Nothing Sacred: Kino Classics Edition [Blu-ray]
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As potent today as it was when released in 1937, this classic screwball satire stars Carole Lombard as Hazel Flagg, the small-town girl who mistakenly believes she's dying of radium poisoning. Sensing a great human interest story that will tug the public's heartstrings and help sell newspapers, exploitative journalist Wally Cook (Fredric March) brings Hazel to New York City and turns her into a media darling. Wally's callous strategy takes a sudden turn when he starts having feelings for the vulnerable Hazel. Filmed in early three-strip Technicolor and scripted by Ben Hecht and James H. Street, this sharp comedy still sizzles with its cynical take on media profiteering, and the matching of Lombard and March is unforgettably entertaining.
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Originally produced by Selznick International and distributed through United Artists, this satirical, sharp and snotty comedy is about the newspaper business in New York. And how, in a series of accidents, the newspaper promotes a dying girl on their pages who isn't really dying!
This film, along with "My Man Godfrey" and "Twentieth Century" is the best comedy Carole Lombard ever made. Fredric March also shines as the reporter. The supporting cast includes two of the best character actors of the 1930's, Walter Connolly and Charles Winninger. They're both hysterical. Look for Margaret Hamilton, Hattie McDaniel, and Frank Fay featured in a small parts too.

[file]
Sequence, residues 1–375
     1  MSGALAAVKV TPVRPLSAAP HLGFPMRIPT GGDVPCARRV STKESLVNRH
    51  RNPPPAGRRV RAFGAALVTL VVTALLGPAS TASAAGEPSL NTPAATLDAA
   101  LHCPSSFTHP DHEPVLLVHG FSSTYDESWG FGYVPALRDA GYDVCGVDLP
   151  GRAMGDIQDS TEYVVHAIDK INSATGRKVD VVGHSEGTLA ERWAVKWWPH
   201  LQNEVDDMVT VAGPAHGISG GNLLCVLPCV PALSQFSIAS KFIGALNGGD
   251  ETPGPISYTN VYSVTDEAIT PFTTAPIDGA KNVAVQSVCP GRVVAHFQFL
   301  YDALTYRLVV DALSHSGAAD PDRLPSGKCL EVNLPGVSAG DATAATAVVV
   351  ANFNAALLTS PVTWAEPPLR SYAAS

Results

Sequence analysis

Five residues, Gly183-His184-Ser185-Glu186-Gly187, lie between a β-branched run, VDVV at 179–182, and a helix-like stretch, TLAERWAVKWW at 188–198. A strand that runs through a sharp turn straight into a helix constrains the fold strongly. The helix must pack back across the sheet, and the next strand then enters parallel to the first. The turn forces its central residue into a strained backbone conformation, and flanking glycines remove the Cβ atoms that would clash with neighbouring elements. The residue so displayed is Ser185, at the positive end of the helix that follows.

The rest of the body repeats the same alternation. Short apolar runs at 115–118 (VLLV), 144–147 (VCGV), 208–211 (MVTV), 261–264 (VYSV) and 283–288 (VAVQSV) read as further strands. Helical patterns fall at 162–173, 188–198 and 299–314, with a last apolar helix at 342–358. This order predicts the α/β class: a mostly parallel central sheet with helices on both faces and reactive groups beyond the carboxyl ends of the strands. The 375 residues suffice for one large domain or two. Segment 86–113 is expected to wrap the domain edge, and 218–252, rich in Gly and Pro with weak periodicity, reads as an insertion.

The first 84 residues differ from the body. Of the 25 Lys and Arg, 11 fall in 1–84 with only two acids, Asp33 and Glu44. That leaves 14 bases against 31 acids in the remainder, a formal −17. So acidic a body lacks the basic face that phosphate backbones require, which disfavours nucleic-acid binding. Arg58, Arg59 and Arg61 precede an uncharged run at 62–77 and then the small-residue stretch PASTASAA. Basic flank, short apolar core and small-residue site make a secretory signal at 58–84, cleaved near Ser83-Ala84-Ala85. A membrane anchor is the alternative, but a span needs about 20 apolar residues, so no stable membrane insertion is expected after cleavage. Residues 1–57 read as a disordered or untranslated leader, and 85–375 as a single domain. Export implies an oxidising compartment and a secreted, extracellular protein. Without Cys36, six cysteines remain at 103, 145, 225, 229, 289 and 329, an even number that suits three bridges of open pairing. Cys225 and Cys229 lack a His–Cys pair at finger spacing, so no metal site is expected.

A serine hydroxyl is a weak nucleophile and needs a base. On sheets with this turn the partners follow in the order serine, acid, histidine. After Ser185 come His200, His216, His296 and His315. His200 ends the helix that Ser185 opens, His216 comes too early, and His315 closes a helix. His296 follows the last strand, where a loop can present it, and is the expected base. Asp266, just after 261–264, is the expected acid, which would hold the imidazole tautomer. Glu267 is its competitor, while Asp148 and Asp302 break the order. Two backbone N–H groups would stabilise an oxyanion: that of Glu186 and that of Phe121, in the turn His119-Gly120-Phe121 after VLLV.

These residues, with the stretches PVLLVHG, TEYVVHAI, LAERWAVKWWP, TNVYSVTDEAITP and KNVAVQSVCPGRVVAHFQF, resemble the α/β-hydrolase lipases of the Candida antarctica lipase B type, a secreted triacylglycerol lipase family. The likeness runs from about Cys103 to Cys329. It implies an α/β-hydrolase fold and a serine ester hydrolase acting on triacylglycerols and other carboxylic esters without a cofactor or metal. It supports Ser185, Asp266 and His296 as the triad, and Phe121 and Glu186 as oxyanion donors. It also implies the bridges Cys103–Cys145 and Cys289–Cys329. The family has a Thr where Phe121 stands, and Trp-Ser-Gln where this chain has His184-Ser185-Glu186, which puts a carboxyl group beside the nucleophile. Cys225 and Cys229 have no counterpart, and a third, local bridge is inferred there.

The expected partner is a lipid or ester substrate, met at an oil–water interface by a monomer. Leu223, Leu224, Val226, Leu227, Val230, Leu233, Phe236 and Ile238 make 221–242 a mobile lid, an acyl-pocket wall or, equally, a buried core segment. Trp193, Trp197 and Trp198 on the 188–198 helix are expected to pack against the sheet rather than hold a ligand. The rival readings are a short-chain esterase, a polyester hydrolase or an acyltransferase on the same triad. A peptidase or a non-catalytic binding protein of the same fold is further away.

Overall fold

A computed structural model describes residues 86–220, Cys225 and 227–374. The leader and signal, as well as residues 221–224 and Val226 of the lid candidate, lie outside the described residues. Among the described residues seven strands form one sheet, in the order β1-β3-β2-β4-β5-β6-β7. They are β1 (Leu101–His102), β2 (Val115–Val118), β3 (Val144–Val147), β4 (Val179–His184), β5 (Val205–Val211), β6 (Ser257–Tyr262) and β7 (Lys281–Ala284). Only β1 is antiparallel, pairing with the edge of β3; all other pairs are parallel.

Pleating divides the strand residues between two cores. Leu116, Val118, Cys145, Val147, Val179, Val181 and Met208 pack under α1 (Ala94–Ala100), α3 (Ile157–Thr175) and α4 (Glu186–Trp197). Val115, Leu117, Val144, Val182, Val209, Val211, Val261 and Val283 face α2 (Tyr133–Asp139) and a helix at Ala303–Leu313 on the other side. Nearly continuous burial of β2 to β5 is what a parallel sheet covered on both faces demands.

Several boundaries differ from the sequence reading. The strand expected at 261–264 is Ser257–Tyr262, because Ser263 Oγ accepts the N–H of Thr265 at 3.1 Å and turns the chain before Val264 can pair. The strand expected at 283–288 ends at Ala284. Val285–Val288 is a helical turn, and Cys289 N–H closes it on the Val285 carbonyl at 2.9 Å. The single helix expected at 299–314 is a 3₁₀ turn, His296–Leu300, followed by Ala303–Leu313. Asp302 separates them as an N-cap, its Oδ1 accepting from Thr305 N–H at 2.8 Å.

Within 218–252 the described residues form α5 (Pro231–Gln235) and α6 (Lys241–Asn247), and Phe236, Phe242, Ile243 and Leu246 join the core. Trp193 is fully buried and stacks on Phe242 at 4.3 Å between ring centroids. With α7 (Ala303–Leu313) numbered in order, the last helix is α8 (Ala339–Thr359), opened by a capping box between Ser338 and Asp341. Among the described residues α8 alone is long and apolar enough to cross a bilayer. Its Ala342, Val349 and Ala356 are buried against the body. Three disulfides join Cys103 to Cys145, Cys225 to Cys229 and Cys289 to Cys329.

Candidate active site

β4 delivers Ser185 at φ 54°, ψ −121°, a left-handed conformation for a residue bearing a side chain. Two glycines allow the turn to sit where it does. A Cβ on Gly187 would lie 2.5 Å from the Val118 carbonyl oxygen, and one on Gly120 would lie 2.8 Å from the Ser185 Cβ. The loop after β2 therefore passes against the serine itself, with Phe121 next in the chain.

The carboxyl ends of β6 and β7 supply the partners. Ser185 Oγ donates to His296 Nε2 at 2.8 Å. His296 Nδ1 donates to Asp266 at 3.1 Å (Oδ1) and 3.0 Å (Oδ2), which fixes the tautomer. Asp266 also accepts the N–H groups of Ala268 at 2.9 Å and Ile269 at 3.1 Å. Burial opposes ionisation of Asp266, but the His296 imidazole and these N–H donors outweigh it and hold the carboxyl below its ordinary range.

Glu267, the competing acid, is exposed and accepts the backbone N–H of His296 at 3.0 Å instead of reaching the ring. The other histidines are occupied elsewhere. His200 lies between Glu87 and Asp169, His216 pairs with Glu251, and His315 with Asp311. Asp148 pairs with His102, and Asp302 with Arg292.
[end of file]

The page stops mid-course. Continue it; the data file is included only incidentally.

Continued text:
Ben Hecht was responsible for the screenplay, and the lush, Gershwin-esque music was composed by Oscar Levant. There's even a hot swing number by the Raymond Scott Quintette.
For my money, this was one of the 5 funniest films of the 1930's and it's great to finally get a superior quality print of it on DVD.
This DVD (or Blu Ray) is an absolute must-have.
That being said, this is still a terrific, funny film and this is likely the best it will look. Don't let my disappointment with the Blu-ray put you off from seeing this classic. Carole Lombard is at the top of her game as a comedic actress and Frederic March works wonderfully with her. Put them together with Ben Hecht's darkly cynical script and a Who's Who list of classic character actors and you're in for a treat.
Back in December 2003, a spectacularly restored print of Nothing Sacred struck from the original three strip camera negatives was shown at the Los Angeles County Museum of Art. The clarity was pristine and the technicolor just popped off of the screen. For the life of me, I do not understand why such an inferior existing print was utilized to produce the recently released blu-ray. Love the movie and adore Carole. However, the quality of the disc left a lot to be desired.